COVID-19: Questions to the First Minister

Janet Finch-Saunders MS, Shadow Minister for Social Care: The chair of Care Forum Wales has publicly criticised Public Health Wales for not engaging with care professionals before implementing the new 28-day COVID-free policy restrictions. This could potentially close half of the care homes in Wales due to the financial implications of this and the voids. Could you explain, First Minister, why those in our care sector were not consulted prior to the issuing of this letter? Also, not all COVID-19 test results are being received in the vital 48-hour window; some are taking up to three days. What effect will this have on the new policy of weekly care home testing? As of 1 June, only 22 of 68 homes had been mass tested locally. So, how can we be confident that all homes now will reach that milestone of mass testing, and more so, how are you going to carry out the retesting weekly in our care homes?

And, finally, will you urgently review the impact of 1,400 discharges to care homes in March and April, and the effect that that has on our infection rates, given that some of those were not tested before they left hospital? Diolch yn fawr. 


Mark Drakeford MS, First Minister: Well, Llywydd, the answer to the Member's first question is to be found in her final question. The reason that we are proposing that someone who has tested positive should not be discharged to a care home for 28 days is precisely because of the concerns raised by the sector of people earlier in the progress of the pandemic being released from hospital to a care home and having a risk of bringing coronavirus with them. Our latest position is designed to make sure that that does not happen. Now, you can't have it both ways here. Either you don't want people with coronavirus to be in care homes or you don't. If you don't, then the 28-day rule is designed to deliver on that objective. And we remain in close conversation with the sector all the time.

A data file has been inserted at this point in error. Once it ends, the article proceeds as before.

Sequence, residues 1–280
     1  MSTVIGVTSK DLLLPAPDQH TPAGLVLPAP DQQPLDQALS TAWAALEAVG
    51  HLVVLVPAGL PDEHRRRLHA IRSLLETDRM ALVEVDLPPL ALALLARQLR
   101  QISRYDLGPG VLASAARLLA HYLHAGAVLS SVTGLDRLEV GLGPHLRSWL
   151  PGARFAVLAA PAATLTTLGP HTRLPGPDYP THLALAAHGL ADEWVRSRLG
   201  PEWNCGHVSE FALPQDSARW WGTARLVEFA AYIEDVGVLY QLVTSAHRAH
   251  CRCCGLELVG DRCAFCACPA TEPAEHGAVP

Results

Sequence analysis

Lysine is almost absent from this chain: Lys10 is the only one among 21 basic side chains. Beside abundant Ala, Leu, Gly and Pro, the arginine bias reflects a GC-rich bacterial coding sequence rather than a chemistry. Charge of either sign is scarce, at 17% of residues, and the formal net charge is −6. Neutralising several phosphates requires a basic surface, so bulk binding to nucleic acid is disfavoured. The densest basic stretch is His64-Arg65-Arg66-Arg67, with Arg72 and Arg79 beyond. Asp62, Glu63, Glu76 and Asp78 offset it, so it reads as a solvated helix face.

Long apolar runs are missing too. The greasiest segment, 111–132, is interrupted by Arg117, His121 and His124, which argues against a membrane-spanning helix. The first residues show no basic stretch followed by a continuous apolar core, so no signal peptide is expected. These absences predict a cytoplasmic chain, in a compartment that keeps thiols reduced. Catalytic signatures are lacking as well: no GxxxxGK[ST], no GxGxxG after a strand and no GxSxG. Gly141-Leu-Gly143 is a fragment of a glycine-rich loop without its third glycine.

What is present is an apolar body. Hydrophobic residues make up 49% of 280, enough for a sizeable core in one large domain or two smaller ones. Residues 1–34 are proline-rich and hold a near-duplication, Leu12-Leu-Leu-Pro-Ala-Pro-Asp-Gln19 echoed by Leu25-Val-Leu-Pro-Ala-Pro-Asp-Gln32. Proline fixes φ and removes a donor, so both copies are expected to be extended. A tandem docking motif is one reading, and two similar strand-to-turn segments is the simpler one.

Llywydd, we are confident that we will have completed our testing of care home residents and of care home staff by 12 June. It has been a most enormous effort. There have been instances in Wales where we've had to work very hard to persuade care homes of the advantage of this policy. And I understand that there will be care homes that are anxious about outsiders coming into the home because of the risk of the virus coming with them. But we've had quite a number of care homes where a lot of conversation has had to be had in order to allow the testing to take place, and that has delayed the testing in quite a number of instances. I see the Member shaking her head at me. I'm simply telling her the facts. I don't know what there is to disagree with them; that is simply a matter that is reported to us by health boards and testers, that not all care homes are equally receptive, and not all care home residents are willing to be tested. And that is a right that they have. It is not a compulsory system. It is an offer. And not all care home residents have wanted to take that offer up, and we have to respect that too. 

We are confident that we can now test every care home worker weekly for four weeks, and we will see what we learn from that, and then we will make a decision about a proportionate approach to testing in this sector once that four-week period is over.